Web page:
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Law School Briefs - 6/5/13

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Law School Briefs

Law School Briefs highlights news from law schools in Indiana. While Indiana Lawyer has always covered law school news and continues to keep up with law school websites and press releases for updates, we gladly accept submissions for this section from law students, professors, alumni, and others who want to share law school-related news. If you’d like to submit news or a photo from an event, please email it to Marilyn Odendahl at modendahl@ibj.com, along with contact information for any follow-up questions at least two weeks prior to the issue date.

Alumni asked to help in search for new Valpo Law School dean

Valparaiso University Law School has begun the process of finding a new dean. Law professor Rosalie Levinson is chairing the search committee and the national executive search firm Witt/Kieffer has been retained to assist.

The search committee expects to have a new dean in place by the fall of 2014.

Valparaiso Law’s former dean, Jay Conison, stepped down in March to become dean of the Charlotte School of Law in North Carolina. Valparaiso professor of law Ivan Bodensteiner has been appointed as interim dean.

The law school is seeking a dean who will take a leadership role in several areas including promoting and implementing the new vision and curriculum that takes effect this fall, attracting resources, playing an active role in developing more career opportunities for students, and taking a collaborative approach to governance.

Relevant professional experience may include leadership within a law school, law firm, the judiciary, government or business sector as well as law school teaching and legal scholarship.

Levinson has invited Valparaiso Law alumni to participate in the search by alerting the committee to “outstanding leaders in the legal community who either are or might become interested in leading our law school.”

IU Maurer Class of 2013 givesinterim Dean Buxbaum award

The Indiana University Maurer School of Law Class of 2013 presented the Gavel Award to interim Dean Hannah Buxbaum.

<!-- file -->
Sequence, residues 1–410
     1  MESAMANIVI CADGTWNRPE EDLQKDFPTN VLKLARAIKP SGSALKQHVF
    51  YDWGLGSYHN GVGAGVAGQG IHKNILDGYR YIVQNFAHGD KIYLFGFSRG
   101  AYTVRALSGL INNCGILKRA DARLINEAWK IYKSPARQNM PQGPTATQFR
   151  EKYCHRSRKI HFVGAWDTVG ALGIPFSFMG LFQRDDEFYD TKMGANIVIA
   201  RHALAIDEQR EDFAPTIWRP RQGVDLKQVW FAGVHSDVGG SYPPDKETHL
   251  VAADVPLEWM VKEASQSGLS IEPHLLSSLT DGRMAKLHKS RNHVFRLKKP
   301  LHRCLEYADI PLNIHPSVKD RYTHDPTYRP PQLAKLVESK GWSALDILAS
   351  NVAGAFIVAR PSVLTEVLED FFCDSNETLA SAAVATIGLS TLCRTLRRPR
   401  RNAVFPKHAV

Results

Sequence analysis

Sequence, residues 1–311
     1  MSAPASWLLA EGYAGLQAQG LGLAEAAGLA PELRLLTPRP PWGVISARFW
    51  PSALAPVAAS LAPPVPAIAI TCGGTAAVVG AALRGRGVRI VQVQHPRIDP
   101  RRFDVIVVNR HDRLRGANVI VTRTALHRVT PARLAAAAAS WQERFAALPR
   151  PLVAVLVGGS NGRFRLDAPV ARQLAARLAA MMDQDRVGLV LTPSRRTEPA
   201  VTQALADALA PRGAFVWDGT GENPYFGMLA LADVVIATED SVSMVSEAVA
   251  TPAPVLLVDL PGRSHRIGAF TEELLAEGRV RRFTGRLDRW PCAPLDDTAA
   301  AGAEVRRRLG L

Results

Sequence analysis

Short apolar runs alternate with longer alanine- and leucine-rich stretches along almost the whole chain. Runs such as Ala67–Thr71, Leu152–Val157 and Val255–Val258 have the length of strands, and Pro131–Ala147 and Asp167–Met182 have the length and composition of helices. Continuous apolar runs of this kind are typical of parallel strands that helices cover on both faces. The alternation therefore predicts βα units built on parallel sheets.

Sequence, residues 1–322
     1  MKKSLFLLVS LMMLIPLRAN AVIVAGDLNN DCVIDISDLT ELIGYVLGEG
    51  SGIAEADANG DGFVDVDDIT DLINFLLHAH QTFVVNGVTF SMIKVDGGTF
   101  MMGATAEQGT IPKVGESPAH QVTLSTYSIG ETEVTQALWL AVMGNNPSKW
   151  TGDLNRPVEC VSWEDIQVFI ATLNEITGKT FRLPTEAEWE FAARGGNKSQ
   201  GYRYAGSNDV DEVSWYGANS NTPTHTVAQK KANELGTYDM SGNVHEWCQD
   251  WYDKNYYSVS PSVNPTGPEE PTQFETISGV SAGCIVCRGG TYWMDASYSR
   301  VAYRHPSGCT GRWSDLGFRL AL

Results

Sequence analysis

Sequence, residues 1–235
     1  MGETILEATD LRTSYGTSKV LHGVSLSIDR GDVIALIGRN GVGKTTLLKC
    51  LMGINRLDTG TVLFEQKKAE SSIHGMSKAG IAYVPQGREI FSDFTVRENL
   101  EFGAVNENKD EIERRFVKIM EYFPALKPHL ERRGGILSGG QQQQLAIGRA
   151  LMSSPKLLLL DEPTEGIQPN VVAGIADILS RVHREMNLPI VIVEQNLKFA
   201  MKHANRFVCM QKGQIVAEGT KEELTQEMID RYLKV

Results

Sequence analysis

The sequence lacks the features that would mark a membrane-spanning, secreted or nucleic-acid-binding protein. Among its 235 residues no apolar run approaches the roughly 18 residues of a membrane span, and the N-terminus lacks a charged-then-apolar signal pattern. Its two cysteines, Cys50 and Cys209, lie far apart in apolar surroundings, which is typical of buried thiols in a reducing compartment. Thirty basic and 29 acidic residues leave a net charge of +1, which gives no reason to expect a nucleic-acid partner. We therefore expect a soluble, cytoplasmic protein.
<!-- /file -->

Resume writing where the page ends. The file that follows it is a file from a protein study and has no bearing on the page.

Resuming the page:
The honor recognizes a member of the IU Maurer faculty or staff for outstanding service to the graduating class. Buxbaum also received the award in 2003, 2005 and 2012.

Valpo Law alum talks about what graduates will face as lawyers

Allen Fore, director of public affairs for Kinder Morgan Energy Partners L.P., gave the commencement address at the Valparaiso University Law School graduation ceremonies May 25. He received his J.D. from Valparaiso in 1991.

At Kinder Morgan, Fore manages public affairs, government relations and community relations. Before joining the company, he was a senior vice-president at FleishmanHillard, an international communications company. He served in the George W. Bush administration and was an assistant attorney general of Illinois and general counsel to that state’s governor.

Fore spoke to the Valparaiso Law School Class of 2013 about the challenges and opportunities facing young lawyers. He also encouraged students to get involved in politics or civic organizations.

IU McKinney professor honoredamong top minority scholars

Indiana University Robert H. McKinney School of Law associate professor Carlton Waterhouse has been named to the 2013 50 Under 50 list of the most influential minority law professors in the United States by the online magazine “Lawyers of Color.”

The magazine highlighted Waterhouse’s nationally recognized work in environmental justice as well as his international reputation for his research and writing on reparations for historic injustices and state human rights violations.

Waterhouse joined IU McKinney as an associate professor in 2010. He holds a law degree from Howard University School of Law, a Master of Theological Studies from the Candler School of Theology at Emory University and a Ph.D. in Social Ethics also from Emory.